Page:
Of late a lot of hubbub has brewed over Richard Lenski’s latest paper on the laboratory evolution of citrate-eating E. coli (PNAS 105(23):7899-7906 (2008)). Lenski figures very prominently in Carl Zimmer’s overview of E. coli research entitled Microcosm, and for good reason. For those that don’t know of the content of the current paper, for the last 20 years Lenski and his students have been growing bacteria (starting from a single bacterium and creating 12 lines) and periodically freezing samples (every 500 generations or so) to see if these bacteria evolve in the lab. At the time this paper was published, over 44,000 generations had passed.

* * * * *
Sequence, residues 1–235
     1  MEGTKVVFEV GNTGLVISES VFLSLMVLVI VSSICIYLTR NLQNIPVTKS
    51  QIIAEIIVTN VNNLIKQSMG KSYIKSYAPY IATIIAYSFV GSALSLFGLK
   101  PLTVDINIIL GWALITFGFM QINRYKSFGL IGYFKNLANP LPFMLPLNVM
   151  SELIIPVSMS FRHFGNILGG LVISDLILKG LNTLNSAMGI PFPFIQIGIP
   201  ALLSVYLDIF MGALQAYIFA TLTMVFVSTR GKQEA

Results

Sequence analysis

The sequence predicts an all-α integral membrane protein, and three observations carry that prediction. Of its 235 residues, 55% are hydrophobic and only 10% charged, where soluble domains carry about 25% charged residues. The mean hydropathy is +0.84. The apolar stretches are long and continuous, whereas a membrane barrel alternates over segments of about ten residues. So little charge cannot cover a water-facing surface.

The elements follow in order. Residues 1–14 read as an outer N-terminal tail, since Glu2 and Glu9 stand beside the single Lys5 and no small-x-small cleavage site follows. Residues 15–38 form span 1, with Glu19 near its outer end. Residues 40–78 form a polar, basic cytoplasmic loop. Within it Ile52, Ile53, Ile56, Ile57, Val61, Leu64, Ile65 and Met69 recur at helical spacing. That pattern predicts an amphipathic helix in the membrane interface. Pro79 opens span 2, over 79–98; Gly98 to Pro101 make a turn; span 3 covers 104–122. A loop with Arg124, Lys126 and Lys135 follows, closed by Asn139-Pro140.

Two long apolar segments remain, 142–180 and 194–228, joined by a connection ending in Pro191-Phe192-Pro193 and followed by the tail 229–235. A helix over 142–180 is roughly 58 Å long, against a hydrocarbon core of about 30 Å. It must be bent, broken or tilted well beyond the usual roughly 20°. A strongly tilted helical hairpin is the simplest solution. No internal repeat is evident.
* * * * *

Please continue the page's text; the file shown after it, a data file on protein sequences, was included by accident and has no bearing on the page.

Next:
Periodically, the frozen ‘fossil’ bacteria can be thawed and DNA compared over time. Since the bacteria are cloned and reproduce asexually, only natural selection and genetic drift can act on the gene populations, greatly simplifying analysis. Previous to this paper, changes in growth rates, reduced lag phases when the bacteria were transfered to a fresh culture medium, reduced peak population densities and larger cell sizes relative to their ancestors were reported. Most populations evolved increased DNA supercoiling.